Romans drew a sharp distinction between “citizens” and “subjects,” and this continued throughout the Middle Ages, in the form of distinction between “nobles” and “peasants,” as well as “citizens” of various city states, which were positions of privilege, not just anyone.  Citizens and nobles were entitled to certain dignity, even if they were to be executed for treason–hanging was considered particularly contemptuous form of punishment because they were reserved for peasants only, and except in the most extraordinary circumstances, nobles and citizens were not hanged, but were beheaded or shot.  (This places the guillotine during the French Revolution in a peculiar context:  everyone was beheaded, befitting their status as “citizens,” not hanged like mere peasants.)  The “dignity” and “pride,” however symbolic they might have been, was carefully preserved.  At the same time, however, this also meant that citizenship (and nobility) was not usually universally distributed:  it was only the dying days of the Roman Empire that Roman citizenship became universal, and by then, the value of Roman citizenship had fallen to nothingness.  For all the bravado about universal citizenship and rights during the Revolutionary days, the French state of the 19th century went far out of their way to protect the rights of French citizens from encroachment by foreign powers, not just “anyone” but because they were special, because they were French “citizens”–this was, among others, how the French wound up intervening in Mexico in 1838, leading to a shootout in Vera Cruz with a group of Mexican soldiers during which General Santa Ana lost a leg while charging after some French soldiers who were retreating anyways.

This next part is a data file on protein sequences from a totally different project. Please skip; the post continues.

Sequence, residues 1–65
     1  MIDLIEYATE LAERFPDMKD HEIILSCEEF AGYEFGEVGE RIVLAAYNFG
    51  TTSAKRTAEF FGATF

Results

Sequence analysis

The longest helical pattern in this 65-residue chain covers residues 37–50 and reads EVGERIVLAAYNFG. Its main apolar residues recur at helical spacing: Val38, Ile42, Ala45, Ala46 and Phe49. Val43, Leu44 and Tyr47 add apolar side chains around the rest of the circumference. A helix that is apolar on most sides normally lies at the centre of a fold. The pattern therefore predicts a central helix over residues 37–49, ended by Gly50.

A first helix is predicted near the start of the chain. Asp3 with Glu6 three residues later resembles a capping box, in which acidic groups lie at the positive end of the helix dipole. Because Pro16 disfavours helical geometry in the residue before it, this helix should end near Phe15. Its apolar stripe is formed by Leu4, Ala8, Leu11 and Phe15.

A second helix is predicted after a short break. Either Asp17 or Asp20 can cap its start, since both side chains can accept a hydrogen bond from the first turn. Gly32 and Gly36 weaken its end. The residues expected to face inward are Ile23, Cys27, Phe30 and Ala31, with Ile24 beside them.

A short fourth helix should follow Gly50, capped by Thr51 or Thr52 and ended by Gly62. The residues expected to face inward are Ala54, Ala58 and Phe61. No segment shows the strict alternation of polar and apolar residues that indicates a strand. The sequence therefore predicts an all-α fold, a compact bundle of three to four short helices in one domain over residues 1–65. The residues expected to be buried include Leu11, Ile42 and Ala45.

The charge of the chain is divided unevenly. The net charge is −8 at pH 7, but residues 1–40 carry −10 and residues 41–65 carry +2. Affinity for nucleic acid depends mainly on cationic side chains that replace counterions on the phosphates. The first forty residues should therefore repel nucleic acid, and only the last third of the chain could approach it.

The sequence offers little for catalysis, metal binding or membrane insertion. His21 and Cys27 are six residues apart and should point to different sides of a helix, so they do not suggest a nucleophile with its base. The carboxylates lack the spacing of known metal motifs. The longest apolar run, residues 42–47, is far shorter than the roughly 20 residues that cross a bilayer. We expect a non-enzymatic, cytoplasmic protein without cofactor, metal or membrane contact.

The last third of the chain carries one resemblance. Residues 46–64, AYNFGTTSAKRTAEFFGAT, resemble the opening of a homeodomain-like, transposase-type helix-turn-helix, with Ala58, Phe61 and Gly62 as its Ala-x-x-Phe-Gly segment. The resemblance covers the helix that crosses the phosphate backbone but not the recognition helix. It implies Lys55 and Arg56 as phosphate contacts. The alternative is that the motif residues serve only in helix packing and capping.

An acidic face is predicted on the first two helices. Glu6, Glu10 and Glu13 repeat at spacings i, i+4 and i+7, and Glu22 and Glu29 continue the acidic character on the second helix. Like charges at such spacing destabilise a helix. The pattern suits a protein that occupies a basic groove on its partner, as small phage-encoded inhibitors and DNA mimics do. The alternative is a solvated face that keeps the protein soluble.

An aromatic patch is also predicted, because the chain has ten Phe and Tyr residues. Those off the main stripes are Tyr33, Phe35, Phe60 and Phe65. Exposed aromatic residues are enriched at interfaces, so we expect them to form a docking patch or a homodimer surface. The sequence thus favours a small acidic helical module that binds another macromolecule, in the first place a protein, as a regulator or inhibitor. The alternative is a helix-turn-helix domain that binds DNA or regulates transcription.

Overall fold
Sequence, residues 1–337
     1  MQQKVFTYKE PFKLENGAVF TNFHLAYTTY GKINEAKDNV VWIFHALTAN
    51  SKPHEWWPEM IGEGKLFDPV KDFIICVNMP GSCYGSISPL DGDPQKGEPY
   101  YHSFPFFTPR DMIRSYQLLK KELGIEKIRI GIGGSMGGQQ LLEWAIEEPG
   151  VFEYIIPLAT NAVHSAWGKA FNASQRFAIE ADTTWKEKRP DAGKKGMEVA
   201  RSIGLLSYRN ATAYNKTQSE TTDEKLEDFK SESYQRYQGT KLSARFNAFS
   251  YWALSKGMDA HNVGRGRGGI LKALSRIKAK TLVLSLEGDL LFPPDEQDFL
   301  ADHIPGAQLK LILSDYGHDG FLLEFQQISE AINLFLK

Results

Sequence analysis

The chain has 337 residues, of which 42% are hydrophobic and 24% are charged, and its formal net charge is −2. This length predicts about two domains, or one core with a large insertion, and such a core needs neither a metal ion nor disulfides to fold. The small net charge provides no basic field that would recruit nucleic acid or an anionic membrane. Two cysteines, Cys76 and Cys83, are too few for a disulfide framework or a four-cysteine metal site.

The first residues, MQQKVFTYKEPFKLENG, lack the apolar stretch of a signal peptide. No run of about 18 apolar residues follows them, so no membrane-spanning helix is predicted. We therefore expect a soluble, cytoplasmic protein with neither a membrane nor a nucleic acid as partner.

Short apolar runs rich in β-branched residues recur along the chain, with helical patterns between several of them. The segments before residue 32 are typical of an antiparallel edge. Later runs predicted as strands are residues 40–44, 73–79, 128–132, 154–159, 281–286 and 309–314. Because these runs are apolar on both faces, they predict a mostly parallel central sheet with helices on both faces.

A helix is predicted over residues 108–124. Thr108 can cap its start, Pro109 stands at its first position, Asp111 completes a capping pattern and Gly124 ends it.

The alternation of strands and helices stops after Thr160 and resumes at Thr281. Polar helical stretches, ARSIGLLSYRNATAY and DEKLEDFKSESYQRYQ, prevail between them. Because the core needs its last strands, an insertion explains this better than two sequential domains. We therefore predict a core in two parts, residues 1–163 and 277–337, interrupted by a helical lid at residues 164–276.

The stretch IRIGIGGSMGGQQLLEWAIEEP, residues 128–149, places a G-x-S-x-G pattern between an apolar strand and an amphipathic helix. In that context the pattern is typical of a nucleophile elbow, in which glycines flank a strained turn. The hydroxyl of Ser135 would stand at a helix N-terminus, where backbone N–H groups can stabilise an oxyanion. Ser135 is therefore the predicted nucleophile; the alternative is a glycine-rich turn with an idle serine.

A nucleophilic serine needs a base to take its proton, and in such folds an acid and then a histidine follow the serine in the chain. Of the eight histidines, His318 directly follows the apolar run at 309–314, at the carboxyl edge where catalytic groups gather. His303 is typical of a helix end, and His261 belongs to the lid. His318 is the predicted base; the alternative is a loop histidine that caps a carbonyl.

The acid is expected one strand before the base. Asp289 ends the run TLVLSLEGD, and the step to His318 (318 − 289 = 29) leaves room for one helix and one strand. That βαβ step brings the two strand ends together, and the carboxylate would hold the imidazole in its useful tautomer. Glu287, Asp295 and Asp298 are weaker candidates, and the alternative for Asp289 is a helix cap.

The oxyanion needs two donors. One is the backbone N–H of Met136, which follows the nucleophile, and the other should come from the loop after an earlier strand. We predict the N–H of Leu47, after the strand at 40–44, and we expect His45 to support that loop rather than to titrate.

The idea of “citizenship” which confers “rights” only on proper “citizens,” unfortunately, turns into its own rabbit hole.  It is necessarily parochial and restrictive.  Not everyone will be “citizens,” entitled to the rights thereof.  But who shall be granted these rights?  This obviously ties into the “immigration” debate, especially of the rights of immigrants to gain legal status and the associated “rights of citizenship” (not necessarily same as that of legal “citizenship.”)  It also feeds into racist sentiments among certain unpleasant groups, who hold that only “real Americans” (whatever that means) should hold rights of citizenship.  Some balance must be struck between the two extremes:  some delimiting and “restrictive” enough criterion that entitles one to benefits of citizenship as a matter of unconditional right beyond politics has to be defined, but that criterion has to be universal enough to be not limited to boundaries of race, creed, and any other problematic categories.  In the end, I suppose, this criterion would have to be something “mystical, spiritual, and irrational,” something that exists because people believe in it, not necessarily because it has a “logical” basis (even if well-defined–after all, it will have to be legally enforceable.)   I always hated the world of Starship Troopers–the novel by Heinlein, not the movie by Verhoeven that savagely mocked the novel–but, in a way, I am beginning to appreciate its underlying logic, and how it  might be created without descending into fascism.  (but Verhoeven is also right–an attempt to create a sense of citizenship without an obvious common “cultural cues” as the focal point is bound to be dangerous and potentially open to massive abuse…)